***5+ Page Midterm Paper due***

Week 7 and 8: Transmedia Stories and Alternate Reality Games
7 November: “Storytelling in New Media: The case of alternate reality gaming, 2001-2009” (Jeffrey Kim, et. al., online) and “This is Not a Game” (Jane McGonigal, p. 1-10)
8 November: The Game film screening
9 November: Discuss The Game and Explore Exoriare (online transmedia game)
***Final Project Abstract due***
14 November: Cathy’s Book (transmedia novel)

Week 9: Virtual Worlds
15 November: Special evening meeting and activity in Second Life (online world)
16 November: Explore and discuss Second Life
21 November: Play Minecraft (game environment) and Synthetic Worlds (Castronova, p. 1-26)
23 November: No class
24-25 November: Thanksgiving Break

Week 10: Final Project Presentations
28 November: Final Project In-class Presentation and Critique
30 November: Final Project In-class Presentation and Critique
7 December: ***Final Project (Group) and Reflection (Individual) due***


– We only meet for a few weeks so make the most of each seminar session. Arrive on time!

– Do the reading and take the game play seriously. Meaningful discussion depends on your engagement with our core texts and artworks. All readings are to be completed for the date on which they are listed.

– Bring your notes and annotated readings to class. Just because we’re discussing digital works, doesn’t mean you shouldn’t jot down ideas that will strengthen your participation in our group exchange. These notes may also serve as the starting point for your papers and project.

– Film screenings, gameplay, and seminar participation are mandatory. If you absolutely can’t attend one of the screenings or events, you must pre-approve this absence and see the film or play the game prior to our class discussion.

– Always feel free to ask questions either in class or during office hours (you can meet with me or our CA Jonathan Proniewski).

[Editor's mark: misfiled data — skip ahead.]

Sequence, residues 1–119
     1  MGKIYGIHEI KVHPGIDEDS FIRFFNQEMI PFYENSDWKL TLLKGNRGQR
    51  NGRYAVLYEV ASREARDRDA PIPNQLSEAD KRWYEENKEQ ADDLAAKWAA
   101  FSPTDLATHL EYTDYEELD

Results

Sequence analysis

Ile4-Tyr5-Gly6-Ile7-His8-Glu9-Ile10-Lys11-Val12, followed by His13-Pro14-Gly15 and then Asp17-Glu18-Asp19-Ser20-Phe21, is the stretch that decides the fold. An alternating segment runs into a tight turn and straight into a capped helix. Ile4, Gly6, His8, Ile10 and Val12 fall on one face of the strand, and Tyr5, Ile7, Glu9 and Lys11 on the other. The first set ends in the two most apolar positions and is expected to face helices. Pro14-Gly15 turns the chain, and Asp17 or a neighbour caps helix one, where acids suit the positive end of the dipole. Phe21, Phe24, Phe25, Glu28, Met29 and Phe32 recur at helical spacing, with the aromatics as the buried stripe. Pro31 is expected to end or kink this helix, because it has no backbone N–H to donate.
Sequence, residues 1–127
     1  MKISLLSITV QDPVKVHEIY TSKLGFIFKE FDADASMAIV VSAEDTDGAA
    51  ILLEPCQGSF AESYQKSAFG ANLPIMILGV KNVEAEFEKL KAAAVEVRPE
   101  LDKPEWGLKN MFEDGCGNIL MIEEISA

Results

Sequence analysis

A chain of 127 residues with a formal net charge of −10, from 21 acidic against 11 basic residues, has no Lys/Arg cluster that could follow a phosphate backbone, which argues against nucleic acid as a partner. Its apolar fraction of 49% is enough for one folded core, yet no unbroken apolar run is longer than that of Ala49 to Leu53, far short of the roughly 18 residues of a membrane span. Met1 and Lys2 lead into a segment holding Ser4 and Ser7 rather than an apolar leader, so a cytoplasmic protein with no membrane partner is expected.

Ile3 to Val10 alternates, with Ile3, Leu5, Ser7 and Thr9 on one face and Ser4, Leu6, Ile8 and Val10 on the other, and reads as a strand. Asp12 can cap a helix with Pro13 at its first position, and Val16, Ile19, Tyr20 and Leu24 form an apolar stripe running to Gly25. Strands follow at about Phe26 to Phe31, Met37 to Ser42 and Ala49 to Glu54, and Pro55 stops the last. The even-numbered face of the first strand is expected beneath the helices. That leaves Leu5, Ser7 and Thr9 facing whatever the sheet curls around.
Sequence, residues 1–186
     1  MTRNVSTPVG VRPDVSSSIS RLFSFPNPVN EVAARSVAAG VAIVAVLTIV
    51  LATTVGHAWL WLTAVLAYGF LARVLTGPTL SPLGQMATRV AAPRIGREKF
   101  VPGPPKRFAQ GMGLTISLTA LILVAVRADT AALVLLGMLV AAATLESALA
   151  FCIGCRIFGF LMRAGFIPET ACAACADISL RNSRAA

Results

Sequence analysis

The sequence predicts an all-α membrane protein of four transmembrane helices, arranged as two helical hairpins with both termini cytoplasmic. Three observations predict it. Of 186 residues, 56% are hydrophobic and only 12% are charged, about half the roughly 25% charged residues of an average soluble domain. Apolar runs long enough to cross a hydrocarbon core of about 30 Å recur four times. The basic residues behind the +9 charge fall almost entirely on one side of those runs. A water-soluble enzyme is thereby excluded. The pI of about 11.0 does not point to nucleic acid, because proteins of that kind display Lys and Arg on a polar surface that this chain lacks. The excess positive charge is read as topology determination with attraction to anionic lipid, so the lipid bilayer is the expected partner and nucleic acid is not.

+ Media-Specific Paper (2-3 pages)

In the first three weeks of the course, we’ll discuss a number of popular forms, including Hollywood films, techno-science fiction novels, and electronic literature. This early assignment is your opportunity to address key questions about literary forms and artistic media. You’ll produce a close reading of any work we study in the first three weeks. Keep in mind that writing persuasively about different forms and media requires specific vocabularies and close reading practices proper to the work in question. For example, if you analyze a film, you must attend not only to plot or character development, but also to features such as shot distance, lighting, costume, mise-en-scène, cut type, sound effects, etc.

+ Midterm Paper (5+ pages)

For your midterm paper, you’ll perform an extended analysis of an electronic literary work, a computer game, or a videogame we have discussed in class. As you explore your topic, integrate the formal approach taken in the first paper with a cultural theory or philosophical methodology of your choice. In other words, how can we best combine media-specific reading practices with critical theories and methods such as historicism, feminism, critical race theory, Marxism, anthropological ethnography, media theory, etc.? Begin with a close reading, as you did before, but now expand on your implications (i.e., be attentive to the “So what?” of your argument).